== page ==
According to the recent Financial Stability Report (FSR) released by the Reserve Bank of India (RBI), even though India’s gross bad loans are currently at a 10-year low of 3.9%, approximately 10% of retail borrowers are facing difficulties in making their monthly loan payments.
The report highlights that, as of March 31, the total proportion of Special Mention Accounts (SMAs) in the retail advances of public sector banks (PSBs) stood at 9.4%. SMAs categorize loan accounts based on the delay in interest or principal payments. SMA-0 refers to loans where the interest or principal payment is delayed but not overdue by more than 30 days. SMA-1 represents loans with overdue payments between 31 and 60 days, while SMA-2 includes loans with payments overdue between 61 and 90 days.
It is worth noting that loans overdue by more than 90 days are classified as non-performing assets (NPAs) or bad loans. Loan accounts falling under the SMA-1 and SMA-2 categories have a higher likelihood of defaulting.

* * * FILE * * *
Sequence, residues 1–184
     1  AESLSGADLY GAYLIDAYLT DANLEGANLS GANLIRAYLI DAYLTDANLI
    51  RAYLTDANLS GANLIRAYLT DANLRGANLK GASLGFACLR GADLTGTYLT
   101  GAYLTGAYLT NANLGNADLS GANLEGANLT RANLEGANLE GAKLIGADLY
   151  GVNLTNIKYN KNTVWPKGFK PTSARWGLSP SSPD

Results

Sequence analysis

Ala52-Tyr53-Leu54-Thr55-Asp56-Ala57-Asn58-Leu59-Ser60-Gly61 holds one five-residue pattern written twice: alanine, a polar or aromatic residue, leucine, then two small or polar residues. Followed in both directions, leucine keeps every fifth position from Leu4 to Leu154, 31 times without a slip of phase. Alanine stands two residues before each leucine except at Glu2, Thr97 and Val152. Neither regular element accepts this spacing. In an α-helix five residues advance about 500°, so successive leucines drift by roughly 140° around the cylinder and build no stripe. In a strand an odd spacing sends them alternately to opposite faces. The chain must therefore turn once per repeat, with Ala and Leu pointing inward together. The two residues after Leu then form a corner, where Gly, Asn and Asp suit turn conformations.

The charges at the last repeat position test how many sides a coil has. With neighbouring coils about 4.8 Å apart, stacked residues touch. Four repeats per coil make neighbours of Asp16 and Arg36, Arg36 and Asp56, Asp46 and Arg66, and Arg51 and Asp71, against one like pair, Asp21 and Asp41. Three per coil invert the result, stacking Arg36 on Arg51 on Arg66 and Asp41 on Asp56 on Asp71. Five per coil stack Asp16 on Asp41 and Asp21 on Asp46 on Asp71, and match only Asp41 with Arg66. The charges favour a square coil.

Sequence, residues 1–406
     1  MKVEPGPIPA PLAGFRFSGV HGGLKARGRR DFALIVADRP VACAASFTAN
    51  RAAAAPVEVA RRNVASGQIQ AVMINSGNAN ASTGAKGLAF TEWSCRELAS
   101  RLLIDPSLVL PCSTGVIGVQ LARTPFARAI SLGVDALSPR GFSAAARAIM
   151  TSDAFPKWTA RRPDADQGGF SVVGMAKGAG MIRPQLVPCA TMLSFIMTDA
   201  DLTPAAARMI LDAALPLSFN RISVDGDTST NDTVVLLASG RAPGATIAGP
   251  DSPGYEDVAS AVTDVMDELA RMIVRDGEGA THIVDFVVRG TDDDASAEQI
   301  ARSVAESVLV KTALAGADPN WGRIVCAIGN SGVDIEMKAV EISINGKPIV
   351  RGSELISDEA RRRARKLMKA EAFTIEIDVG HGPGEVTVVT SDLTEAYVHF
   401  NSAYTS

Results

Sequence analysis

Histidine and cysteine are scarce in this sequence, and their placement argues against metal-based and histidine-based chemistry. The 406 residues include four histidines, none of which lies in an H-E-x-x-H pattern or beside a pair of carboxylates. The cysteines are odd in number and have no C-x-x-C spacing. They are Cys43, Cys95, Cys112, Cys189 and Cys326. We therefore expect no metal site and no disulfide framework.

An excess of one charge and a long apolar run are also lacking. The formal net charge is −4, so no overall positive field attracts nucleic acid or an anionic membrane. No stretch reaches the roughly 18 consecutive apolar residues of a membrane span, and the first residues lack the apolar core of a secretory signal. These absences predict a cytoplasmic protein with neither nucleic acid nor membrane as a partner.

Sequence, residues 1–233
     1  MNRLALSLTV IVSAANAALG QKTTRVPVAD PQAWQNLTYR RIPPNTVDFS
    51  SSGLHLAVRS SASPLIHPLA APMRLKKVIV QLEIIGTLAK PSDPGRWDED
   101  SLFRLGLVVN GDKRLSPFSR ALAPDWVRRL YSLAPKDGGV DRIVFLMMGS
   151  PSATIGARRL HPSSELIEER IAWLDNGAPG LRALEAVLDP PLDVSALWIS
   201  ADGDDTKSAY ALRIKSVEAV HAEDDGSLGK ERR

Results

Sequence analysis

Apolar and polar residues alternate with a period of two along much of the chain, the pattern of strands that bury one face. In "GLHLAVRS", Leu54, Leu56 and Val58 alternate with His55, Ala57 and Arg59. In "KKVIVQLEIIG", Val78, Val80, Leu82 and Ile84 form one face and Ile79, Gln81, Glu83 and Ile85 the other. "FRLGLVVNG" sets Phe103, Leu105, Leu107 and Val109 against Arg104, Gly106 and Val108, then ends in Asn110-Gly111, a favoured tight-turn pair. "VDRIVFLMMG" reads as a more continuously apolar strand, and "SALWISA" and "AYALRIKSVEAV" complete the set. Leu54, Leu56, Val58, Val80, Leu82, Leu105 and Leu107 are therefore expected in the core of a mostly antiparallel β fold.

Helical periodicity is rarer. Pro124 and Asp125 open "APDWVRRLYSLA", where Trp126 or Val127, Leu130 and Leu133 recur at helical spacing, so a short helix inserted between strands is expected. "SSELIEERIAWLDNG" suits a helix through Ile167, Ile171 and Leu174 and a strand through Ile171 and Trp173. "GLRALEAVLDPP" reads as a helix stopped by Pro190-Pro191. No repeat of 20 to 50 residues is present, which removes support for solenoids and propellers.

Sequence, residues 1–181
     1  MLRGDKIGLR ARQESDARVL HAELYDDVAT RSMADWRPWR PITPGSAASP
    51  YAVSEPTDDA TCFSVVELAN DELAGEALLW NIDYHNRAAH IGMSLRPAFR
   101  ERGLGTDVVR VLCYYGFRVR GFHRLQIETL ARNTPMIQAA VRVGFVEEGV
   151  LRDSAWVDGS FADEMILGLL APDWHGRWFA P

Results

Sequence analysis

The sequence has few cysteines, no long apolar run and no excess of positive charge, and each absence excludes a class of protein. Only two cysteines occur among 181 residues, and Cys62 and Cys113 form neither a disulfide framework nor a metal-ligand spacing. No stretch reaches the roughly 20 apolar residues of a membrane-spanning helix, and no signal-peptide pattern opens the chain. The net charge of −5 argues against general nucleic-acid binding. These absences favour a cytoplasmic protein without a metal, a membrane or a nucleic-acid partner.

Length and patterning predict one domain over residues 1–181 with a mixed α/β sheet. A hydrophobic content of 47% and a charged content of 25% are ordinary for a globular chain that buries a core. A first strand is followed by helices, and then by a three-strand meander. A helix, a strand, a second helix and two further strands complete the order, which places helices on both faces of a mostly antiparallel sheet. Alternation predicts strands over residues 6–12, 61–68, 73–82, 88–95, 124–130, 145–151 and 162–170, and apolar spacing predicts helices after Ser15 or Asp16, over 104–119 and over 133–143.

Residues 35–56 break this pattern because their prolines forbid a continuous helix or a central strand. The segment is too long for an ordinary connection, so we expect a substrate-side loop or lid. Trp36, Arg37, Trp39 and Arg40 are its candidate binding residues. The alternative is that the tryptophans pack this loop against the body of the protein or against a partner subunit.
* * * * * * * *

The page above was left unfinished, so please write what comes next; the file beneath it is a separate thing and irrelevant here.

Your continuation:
The RBI report states, “Although the gross non-performing ratio of retail loans at the system level was low at 1.4% as of March 2023, the share of ‘special mention accounts’ was relatively high at 7.4% for scheduled commercial banks (SCBs), and it accounted for a tenth of their retail assets portfolio.”
This data underscores the presence of stress and potential risks within the retail loan segment, despite the overall improvement in the gross bad loans ratio. Monitoring and addressing the situation with regard to the special mention accounts will be crucial in maintaining the stability of India’s financial system.